Lazarus - 1971 Lazarus
Lazarus are from that Woodstock era of the late 60's and early 70's. This is gentle lilting folksy styled rock with a hint of Christian overtones in the vein of Crosby Stills & Nash and early Poco and America

Noah - 1971 Peaceman's Farm
This is killer-no filler rock spiced with southern flavorings and from the opening title track you just know this is going to be something special.

Ol' Paint - 1971 Ol' Paint
Early signs of the American led power-pop scene can be heard as far back as 1971, with the New York based outfit Ol' Paint. Comparisons to both Big Star and The Beatles have been made in other reviews and I have to agree.

Osibisa - 1971 Osibisa
Adorned in one of Roger Dean's best and well-known sleeves, the Osibisa debut is not their finest moment but it was a groundbreaking album that pointed the way to the future 'World Music' movement

Radice, Mark - 1971 Mark Radice
Unbelievable but true, Mark Radice was just 7 years old when he signed with RCA Records releasing several singles and just 13 when he recorded this album for Paramount.

Ratchell - 1971 Ratchell
From that hotbed of rock n' roll Huntsville, Alabama let me introduce you to Ratchell. Never heard of them eh? Oh, I think you have. Any self respecting AOR fan that owns the two Couchois albums will recognize three names in this group's line-up.

Silberbart - 1971 4 Times Sound Razing
Fans of early 70's German prog rock will probably be well aware of this underground classic, which at four tracks runs well over forty minutes. This was the only vinyl statement heard from this trio, but it left an impact as almost 40 years later prog rock buffs are still enthusing over the warped and tortured acid rock captured so brilliantly.

Stark Naked - 1971 Stark Naked
Good major label progressive rock from Long Island, New York; the uber talented Stark Naked had a one-time shot at the big leagues only to have the rug pulled out from underneath them.

Still Life - 1971 Still Life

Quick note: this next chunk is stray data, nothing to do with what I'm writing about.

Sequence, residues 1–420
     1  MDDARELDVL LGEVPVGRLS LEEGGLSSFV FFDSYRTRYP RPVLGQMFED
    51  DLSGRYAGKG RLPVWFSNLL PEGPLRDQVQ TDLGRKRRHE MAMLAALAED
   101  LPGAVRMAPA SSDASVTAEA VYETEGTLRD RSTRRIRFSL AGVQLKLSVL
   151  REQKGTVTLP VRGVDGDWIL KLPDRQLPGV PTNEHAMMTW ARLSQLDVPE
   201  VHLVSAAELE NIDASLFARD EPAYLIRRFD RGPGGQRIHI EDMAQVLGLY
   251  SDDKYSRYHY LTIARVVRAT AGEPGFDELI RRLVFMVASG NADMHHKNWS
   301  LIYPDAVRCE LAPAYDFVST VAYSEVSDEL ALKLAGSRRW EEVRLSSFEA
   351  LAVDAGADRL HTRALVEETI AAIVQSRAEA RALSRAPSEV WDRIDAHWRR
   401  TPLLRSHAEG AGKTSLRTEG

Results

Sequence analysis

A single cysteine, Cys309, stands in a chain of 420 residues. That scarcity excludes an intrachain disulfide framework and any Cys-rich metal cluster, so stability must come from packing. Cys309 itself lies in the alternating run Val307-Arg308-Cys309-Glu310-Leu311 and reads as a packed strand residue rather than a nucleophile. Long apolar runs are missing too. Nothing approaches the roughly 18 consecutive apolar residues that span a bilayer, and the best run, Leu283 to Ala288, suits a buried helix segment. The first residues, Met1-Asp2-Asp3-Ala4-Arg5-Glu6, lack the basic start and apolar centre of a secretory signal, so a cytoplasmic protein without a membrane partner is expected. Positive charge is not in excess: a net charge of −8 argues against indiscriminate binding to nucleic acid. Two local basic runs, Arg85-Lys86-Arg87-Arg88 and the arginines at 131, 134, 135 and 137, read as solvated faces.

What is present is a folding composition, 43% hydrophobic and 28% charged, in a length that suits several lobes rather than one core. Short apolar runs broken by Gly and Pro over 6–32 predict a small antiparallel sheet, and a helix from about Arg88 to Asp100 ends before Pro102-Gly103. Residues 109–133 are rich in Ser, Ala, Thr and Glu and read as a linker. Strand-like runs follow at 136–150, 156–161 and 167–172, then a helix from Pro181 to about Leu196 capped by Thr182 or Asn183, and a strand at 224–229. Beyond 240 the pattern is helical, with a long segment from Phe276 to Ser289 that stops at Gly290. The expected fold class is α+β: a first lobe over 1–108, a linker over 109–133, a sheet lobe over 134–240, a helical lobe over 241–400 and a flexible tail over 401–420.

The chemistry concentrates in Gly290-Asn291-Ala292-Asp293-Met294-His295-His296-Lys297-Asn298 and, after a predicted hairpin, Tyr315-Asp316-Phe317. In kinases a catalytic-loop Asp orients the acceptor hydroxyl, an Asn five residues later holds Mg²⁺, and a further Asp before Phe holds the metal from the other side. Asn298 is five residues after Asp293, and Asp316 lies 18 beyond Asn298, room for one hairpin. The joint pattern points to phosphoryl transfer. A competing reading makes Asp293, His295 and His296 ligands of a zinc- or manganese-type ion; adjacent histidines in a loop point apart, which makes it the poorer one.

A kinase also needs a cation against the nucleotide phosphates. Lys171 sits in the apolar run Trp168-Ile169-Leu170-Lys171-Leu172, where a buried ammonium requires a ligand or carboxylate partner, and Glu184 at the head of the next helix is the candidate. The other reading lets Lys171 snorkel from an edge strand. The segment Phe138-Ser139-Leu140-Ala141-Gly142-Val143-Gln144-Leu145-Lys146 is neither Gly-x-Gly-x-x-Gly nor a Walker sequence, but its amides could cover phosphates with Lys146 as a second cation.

Musically Still Life was very similar to other so called 'proto prog' bands of the day such as Gracious, Spring, Indian Summer and Cressida. In other words heavy on the vocals, shorter songs and less on musical virtuosity than Yes or Genesis.

Sweet, The - 1971 Funny How Sweet Co-Co Can Be
As a fan and student of all things bubblegum, it's hard for me to find fault with this record. The songs are as sticky as ice cream fingers on a summer day..

T Rex - 1971 Electric Warrior
This band, along with Sweet, shaped my musical tastes for the next four decades. How does one review such an iconic album that has been reviewed many times over?

Ten Years After - 1971 A Space In Time
TYA were a staple on the blues/classic rock circuit in the early 70's. Giving this a spin today, there is so much to recommend, not only quality songwriting but the underlying psychedelic feel in the production.

Thin Lizzy - 1971 Thin Lizzy
As a dedicated follower of early 70's British Isles rock, I give this record my whole-hearted recommendation.

Tin House - 1971 Tin House
This 1971 debut from Floridians Tin House s considered a closet-classic in that early progressive/blues sub-genre come power-trio sound.

Wackers, The - 1971 Wackering Heights
The Wackers intent was to emulate The Beatles and steer clear of the prog rock trends, they succeeded with this their debut.

Westfauster - 1971 In A Kings Dream
Cincinatti was the home to one of the first Ameriprog classics.. Westfauster..

Wright, Gary - 1971 Footprint
Wright feels that with this LP, his songwriting began to blossom and he's not far off the mark.